Surfing while sick 'is OK'
A champion surfer has caught a break in more ways than one, with the Industrial Relations Commission in Australia finding that going surfing while on sick leave is not a sackable offence.
Shane Bevan, a former world championship tour surfer, was sacked from his baggage handler's job after his then employer discovered he took part in Queensland's Coolum Classic surf contest while on sick leave with a bad back, the Australian reported.
The IRC initially upheld his sacking but, on appeal, a commission full bench last week supported Bevan's claim that the termination was harsh, unjust and unreasonable and ordered the company to pay compensation.
Bevan injured his back while working for Oceania Aviation Services.
Bevan saw an osteopath who issued him with a medical certificate covering the period to Sunday, September 16, 2007. While on leave, his grandfather died and he travelled to Sydney to be with relatives before returning home two days later.
In memory of his grandfather, he decided to compete in the Coolum Classic of which he was the reigning champion scheduled for the next day.
The day he surfed was a rostered day off; his back had improved and he revisited his osteopath, who was happy with his progress.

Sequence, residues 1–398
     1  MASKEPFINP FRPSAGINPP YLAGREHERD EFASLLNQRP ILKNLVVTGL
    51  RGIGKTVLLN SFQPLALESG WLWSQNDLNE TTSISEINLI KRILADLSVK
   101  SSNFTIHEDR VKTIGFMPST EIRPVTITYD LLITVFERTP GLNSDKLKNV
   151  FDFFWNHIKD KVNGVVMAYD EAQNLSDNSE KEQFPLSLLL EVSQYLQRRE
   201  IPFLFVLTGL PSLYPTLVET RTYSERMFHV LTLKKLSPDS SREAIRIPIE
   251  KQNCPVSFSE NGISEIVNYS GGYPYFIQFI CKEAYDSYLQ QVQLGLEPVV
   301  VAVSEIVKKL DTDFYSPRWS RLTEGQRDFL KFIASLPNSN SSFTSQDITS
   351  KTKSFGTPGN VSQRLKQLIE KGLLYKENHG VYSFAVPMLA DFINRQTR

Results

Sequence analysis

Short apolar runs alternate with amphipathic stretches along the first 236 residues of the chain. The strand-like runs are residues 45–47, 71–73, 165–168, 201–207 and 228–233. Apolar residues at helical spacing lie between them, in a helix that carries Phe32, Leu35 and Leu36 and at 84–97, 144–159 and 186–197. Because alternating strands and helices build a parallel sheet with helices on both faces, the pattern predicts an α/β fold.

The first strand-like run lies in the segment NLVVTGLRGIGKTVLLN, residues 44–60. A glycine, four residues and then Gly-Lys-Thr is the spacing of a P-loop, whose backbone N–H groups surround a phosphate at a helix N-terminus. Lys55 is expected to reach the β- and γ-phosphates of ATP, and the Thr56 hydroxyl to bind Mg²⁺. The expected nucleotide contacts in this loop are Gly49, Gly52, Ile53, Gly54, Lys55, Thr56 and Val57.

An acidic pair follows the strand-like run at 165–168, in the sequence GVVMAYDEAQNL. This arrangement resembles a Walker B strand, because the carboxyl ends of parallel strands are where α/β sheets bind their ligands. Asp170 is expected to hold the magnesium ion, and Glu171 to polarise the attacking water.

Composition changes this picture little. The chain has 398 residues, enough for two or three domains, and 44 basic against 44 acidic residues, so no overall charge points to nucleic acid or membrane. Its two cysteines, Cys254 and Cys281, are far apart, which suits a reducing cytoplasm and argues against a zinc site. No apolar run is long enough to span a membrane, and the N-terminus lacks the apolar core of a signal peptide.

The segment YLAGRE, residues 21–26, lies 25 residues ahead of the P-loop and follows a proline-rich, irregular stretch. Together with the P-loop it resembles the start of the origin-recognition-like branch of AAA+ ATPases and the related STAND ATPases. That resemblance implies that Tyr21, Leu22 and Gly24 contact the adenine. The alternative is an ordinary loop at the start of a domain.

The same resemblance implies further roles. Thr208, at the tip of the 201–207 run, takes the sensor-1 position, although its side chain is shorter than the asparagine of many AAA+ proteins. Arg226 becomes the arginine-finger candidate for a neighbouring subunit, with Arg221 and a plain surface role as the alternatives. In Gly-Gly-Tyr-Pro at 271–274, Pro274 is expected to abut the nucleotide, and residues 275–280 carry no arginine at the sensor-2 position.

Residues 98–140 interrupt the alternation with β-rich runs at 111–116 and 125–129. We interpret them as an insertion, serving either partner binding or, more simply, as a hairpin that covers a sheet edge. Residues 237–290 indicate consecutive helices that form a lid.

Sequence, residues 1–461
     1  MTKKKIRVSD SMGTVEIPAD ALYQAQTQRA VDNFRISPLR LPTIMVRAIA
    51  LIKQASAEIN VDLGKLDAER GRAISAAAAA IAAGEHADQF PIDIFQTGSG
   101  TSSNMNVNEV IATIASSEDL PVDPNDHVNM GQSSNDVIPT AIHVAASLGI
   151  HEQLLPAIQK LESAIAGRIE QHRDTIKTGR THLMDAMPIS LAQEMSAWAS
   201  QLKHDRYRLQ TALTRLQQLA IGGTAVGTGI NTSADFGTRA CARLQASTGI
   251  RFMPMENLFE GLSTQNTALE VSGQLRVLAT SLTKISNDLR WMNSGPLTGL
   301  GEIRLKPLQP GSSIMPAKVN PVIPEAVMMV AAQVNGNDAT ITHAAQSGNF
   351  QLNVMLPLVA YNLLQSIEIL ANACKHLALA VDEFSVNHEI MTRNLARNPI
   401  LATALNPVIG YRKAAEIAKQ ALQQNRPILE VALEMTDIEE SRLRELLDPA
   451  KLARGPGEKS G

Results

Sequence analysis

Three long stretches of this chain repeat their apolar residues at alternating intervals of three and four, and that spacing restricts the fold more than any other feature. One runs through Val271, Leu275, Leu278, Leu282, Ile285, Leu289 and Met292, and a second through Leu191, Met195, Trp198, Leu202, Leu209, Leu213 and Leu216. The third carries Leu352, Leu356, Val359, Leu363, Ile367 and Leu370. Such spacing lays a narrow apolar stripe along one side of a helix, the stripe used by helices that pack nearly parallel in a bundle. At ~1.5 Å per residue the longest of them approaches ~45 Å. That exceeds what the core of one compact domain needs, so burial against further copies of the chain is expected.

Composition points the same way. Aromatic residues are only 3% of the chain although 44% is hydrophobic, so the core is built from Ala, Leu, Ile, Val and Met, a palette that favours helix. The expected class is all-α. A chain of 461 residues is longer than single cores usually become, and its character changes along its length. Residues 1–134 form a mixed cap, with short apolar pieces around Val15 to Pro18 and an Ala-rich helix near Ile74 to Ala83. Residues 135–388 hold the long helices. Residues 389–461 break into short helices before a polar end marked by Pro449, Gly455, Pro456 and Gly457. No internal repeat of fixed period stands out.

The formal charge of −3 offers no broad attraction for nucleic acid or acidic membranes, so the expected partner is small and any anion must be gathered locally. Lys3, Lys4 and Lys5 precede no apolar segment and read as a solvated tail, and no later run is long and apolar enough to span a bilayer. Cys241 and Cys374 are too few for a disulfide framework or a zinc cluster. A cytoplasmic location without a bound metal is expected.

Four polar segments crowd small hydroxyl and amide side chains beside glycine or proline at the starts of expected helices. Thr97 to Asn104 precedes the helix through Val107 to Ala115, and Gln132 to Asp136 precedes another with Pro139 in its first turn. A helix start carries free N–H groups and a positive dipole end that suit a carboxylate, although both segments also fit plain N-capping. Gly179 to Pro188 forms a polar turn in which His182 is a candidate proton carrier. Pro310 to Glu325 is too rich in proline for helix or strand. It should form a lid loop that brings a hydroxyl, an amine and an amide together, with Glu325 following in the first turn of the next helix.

He spoke to his work supervisor to check someone was taking his shift on the Sunday, although this was unnecessary given he had a medical certificate that covered the period to and including the Sunday.
Upon returning to work on the Monday, Bevan was asked what he had been doing. He referred to his grandfather's death and the visit to Sydney.
Asked if he had been surfing, he replied that he had been for a ``bit of a paddle''. His employment was terminated.
The Australian reported that the commission upheld the sacking, finding Bevan misled the company about his physical capabilities and did not acknowledge he had been in the surfing contest when first asked.
However, a commission full bench overturned the findings, noting Bevan participated in the surfing tournament on his regular rostered day off.
"He went surfing in his own private time and not during a time when he was rostered to attend work,'' the full bench said.
"It is also important to note that Bevan, after organising a shift swap on the Sunday, (despite being covered by a medical certificate) attended work on the Monday (his next rostered shift) ready and able to perform the full range of his duties."
After lengthy evidence about which muscles Bevan used at work and which he used surfing, the full bench noted the osteopath did not agree that Bevan had put his injury at risk by surfing.
The osteopath's evidence did not support a conclusion that Bevan was fit to resume work in light of his participation in a surfing competition.
Bevan also did not mislead the company about his fitness to resume normal work, given it involved heavy lifting.